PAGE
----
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Which rail pass is best for 10 days in Scotland and England?

I need to reserve tickets very soon and have heard that it might be cheaper not to purchase a pass for just a 10 day trip. I'm confused because there seem to be so many different kinds of passes.

Posted by
631 posts

very vague, can't really be answered. We need dates and itinery. But yes, it may be be cheaper to not go for a pass.

Posted by
2487 posts

Check the prices of your intended trips on this website. Be careful with the dates and be attentive for slightly earlier or later departure times. Compare it with the cost of a pass. You'll probably find that advance-bought tickets is the best deal.

Posted by
20 posts

Thanks. I'll be more specific.
We will be traveling from Edinburgh to Inverness on September 28, then from Inverness to Glasgow. Hope to travel down the East coast of England, to Stonehenge, across to Norwich and up the West coast, back to Edinburgh. We only have 10 days and are afraid to drive on the left side, so need trains.
Would it be more cost effective not to purchase a pass?

Posted by
2487 posts

Would it be more cost effective not to purchase a pass?
First thing you have to do is to look up the prices of these journeys on the train planner of National Rail. Without that you can't know whether a rail pass would be cheaper.

Posted by
4888 posts

Okay, it looked like you need a little help, so I tried.....
You still have not been specific enough about your dates and destinations. When you are comparing point to point tickets you have to have destinations, dates, and times in mind that are specific.

I took your list from above, put in random times during your date period and came up with an answer that you would be better not to buy a rail pass if those are the only trips you are making. You may want to put in your specifics to confirm .

I would suggest a "Two Together Rail Card." This card costs 30 pounds but will save you 30% off of your tickets. Here is a link to the information about it

https://www.twotogether-railcard.co.uk/?nreTrack=twotogetherrailcard

You can go ahead and buy your tickets in advance before you actually have the railcard. Make sure you include that you have the "Two Together" card to any ticket purchase you make online. Then, when you get to Edinburgh, simply go to the ticket office at the railway station and purchase the Two Together card. You will need to be prepared with two passport type photos (1 for each of you). They will sell you the pass and then print off all the tickets from the reservations you have made. This shouldn't take more than 10 minutes. You will need to show the pass and the tickets to the conductors on the trains.

Posted by
631 posts

if it didn't include Stonehenge I'd have guessed this was an itinery for a railfan who wanted to exerience the different trains. 5 travel days of between 4.5 and 7.5 hours journey time each in a 10 day visit? You could fill 10 days and not leave Scotland.

Also the itinery seems to confuse the east and west coast routes. Glasgow-Stonehenge is west (with a 15 second view of the coast) and Norwich-Edinburgh is east (where you might get 15 minutes view of the coast).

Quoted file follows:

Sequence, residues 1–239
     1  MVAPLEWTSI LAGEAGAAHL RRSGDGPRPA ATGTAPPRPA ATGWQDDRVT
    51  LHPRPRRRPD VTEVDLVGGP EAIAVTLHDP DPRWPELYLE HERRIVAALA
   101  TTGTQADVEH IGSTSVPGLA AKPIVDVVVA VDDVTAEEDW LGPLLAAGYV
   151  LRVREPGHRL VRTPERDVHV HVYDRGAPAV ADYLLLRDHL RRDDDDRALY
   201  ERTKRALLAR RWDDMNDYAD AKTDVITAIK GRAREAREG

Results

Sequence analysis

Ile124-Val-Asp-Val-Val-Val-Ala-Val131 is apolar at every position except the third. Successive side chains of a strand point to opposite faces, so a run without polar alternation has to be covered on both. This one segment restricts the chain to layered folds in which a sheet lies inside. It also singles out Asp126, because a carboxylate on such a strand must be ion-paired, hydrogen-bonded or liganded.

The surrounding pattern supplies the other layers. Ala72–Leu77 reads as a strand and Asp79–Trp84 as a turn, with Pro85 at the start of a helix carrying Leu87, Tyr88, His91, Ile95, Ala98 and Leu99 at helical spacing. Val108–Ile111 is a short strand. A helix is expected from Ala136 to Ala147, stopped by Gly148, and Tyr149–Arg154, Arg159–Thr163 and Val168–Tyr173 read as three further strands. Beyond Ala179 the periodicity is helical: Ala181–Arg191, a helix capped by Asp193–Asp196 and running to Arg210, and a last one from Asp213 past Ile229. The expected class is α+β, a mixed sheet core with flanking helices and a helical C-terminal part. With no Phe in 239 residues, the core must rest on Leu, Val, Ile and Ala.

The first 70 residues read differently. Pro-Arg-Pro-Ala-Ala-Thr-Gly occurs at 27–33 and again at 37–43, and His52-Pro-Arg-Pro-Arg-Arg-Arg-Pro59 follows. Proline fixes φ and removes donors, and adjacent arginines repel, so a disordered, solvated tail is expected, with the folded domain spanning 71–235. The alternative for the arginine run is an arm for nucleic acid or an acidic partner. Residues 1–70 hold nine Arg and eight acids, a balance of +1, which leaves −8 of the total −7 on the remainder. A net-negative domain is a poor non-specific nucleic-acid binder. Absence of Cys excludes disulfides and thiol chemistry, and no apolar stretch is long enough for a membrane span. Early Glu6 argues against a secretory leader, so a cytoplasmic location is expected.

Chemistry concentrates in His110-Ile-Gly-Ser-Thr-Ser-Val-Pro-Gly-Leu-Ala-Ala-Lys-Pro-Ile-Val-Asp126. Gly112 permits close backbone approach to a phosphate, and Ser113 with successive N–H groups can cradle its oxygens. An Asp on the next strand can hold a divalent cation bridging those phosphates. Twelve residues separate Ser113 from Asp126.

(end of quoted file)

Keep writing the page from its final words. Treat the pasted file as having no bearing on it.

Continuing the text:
Advance tickets especially with a 2 together railcard would probably be cheapest but it's a lot of organising for relatively little time spent on the ground.

Posted by
20 posts

Thanks to everyone who has replied so far.
Does anyone know if there is Uber of Lift service in Inverness or Edinburgh?
I know I sound like a lazy American, but I'm 70 years old and have never traveled in Europe or the UK before.

Posted by
4888 posts

There certainly are taxis in Edinburgh. Do you object to taxis?
You can make life easier on yourself when you are relying on public transportation by choosing the location of your accommodation carefully. For example. The Premier Inn York Place in Edinburgh is located at the last tram stop from the airport. You walk outside the airport, step onto the tram and then step off of the tram at your hotel. It was a nice hotel and I can highly recommend it.
5 minute walk (or short taxi ride) to the train station.

Do pay attention to what people are saying about the length of some of your trips. Make sure that this is the pace and distance you want to travel. If it is, go for it. If not, see if you can rethink your plans a little. I can see why you are trying to fit in as much as you can when it is your first trip and you really don't know if you will be back soon. However, a few things well done will probably be the better memories for you.

Posted by
16883 posts

BritRail Passes (to buy here) come with senior discounts, or there is a Senior Rail Card (to buy there) that gives discounts on each train ticket you buy (if you don't have two people for the Two Together card). All are described at https://www.ricksteves.com/travel-tips/transportation/trains/britain-rail-passes.

The BritRail Pass offers a lot of flexibility if you don't know your exact train routes but do know that you want 4 days of train travel covered during your trip (during a one-month window). This version of the pass costs [edited] $256 for a senior in Standard Class. I would be happy with the value you'd get out of that when crossing much of the country. The next option, pricewise, is $290 for 8 consecutive days, if you want more than 4 days on trains but also will spend a day or two in Edinburgh on each end. Passes have to be delivered to you at home before you go. Optional seat assignments are free to make in train stations up to a day before a trip.